Narrators: Syou-ling Fu, Daxing Chang.
With: Alan Chow, Lu Wenchin, Mei Shaowu, Wen Ruhua, Song Xiaochuan, Gold Star.
Extensive and fascinating archive footage is the main feather in the hat of “The Worlds of Mei Lanfang,” a docu on China’s most internationally known exponent of Peking Opera. Hourlong item is solid pubcaster and cable fare.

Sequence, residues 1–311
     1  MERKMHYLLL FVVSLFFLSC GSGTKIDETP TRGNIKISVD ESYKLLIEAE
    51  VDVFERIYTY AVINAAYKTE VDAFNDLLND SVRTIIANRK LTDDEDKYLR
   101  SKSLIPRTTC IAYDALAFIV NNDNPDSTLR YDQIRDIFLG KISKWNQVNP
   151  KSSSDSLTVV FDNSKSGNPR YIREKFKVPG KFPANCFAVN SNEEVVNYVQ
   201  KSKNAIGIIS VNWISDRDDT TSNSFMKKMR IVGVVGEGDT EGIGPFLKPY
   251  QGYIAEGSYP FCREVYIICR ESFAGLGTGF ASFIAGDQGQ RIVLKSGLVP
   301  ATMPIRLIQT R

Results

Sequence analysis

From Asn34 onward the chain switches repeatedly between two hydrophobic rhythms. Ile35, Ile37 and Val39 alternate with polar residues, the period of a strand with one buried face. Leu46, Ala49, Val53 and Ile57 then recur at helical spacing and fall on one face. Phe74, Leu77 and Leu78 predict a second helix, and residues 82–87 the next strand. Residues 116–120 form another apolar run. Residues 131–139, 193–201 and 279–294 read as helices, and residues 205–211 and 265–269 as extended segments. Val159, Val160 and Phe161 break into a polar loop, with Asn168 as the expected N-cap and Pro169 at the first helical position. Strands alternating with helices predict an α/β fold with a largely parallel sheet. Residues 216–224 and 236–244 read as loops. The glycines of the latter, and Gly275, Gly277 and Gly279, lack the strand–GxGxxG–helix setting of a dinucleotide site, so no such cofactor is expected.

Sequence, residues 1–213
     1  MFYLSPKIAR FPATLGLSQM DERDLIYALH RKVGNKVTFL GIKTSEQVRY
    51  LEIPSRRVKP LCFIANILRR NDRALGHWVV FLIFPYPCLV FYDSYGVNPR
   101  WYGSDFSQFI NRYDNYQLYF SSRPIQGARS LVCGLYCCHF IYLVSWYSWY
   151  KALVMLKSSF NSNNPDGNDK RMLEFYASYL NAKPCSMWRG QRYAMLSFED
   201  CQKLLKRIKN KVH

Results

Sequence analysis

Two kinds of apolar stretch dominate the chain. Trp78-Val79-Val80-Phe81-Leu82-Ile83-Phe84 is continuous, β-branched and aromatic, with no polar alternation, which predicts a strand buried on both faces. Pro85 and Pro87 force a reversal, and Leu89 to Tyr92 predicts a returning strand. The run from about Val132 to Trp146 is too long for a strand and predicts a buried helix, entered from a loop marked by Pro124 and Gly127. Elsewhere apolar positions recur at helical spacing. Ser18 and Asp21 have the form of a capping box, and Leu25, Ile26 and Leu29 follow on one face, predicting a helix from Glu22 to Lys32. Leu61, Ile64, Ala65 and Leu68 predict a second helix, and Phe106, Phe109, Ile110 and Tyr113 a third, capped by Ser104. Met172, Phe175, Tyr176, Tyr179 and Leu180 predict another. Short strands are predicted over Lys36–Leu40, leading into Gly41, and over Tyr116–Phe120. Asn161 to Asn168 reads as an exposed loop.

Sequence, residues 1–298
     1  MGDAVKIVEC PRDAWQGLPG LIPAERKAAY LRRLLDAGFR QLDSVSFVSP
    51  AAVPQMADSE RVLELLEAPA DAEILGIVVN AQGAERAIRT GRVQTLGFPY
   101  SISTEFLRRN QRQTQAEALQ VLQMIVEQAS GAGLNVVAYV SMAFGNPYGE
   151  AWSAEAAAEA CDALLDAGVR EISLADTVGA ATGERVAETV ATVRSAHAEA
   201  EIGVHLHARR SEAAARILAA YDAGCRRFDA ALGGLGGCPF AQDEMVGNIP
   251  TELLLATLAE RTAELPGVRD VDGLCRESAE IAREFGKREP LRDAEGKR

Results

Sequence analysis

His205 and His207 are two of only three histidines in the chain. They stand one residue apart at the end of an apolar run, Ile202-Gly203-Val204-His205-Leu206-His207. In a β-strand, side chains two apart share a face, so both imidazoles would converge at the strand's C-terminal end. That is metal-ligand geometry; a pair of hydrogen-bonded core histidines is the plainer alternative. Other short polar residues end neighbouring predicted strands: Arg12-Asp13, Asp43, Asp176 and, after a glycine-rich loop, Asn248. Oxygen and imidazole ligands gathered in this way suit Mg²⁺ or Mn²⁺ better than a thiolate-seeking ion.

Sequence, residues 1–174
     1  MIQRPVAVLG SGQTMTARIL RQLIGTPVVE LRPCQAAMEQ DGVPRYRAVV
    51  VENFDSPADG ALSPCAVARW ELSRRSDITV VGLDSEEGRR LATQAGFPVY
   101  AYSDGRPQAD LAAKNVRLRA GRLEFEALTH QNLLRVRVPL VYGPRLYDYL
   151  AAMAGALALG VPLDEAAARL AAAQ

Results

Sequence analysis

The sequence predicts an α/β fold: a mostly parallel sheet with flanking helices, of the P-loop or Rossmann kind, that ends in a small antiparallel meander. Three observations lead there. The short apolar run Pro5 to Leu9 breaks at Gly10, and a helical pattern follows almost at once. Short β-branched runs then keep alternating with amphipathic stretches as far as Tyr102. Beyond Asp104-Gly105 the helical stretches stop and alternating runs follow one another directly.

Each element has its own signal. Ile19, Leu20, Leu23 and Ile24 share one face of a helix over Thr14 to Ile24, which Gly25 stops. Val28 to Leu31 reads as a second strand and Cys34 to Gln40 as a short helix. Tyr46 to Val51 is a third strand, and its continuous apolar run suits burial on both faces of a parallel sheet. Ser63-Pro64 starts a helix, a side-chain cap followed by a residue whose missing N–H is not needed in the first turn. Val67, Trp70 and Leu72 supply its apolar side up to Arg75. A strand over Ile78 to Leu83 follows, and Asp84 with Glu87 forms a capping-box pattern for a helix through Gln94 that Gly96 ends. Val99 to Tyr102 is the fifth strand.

The scion of a Beijing theatrical family, Mei (1895-1961) was already famous by age 17 as a specialist in female roles, causing an outbreak of “Mei Lanfang fever” during a spell in Shanghai and in the early ’30s touring the U.S., where he was welcomed by Douglas Fairbanks and Mary Pickford in Hollywood. On a later trip to the Soviet Union, Eisenstein filmed him in performance. After refusing to pander to the Japanese, Mei later supported the Communists, who treated him with special respect till his death from a heart attack in 1961. Pic’s largely workmanlike narration demeans its subject in a final 10 minutes which strays into a discussion of “gayness” and gender issues that have everything to with contemporary psycho-babble and nothing to do with Mei. Descriptions like “a kind of Rudolph Valentino in drag” are also unworthy of the subject matter. Interviewees, including Mei’s son, Mei Shaowu, are variable to OK.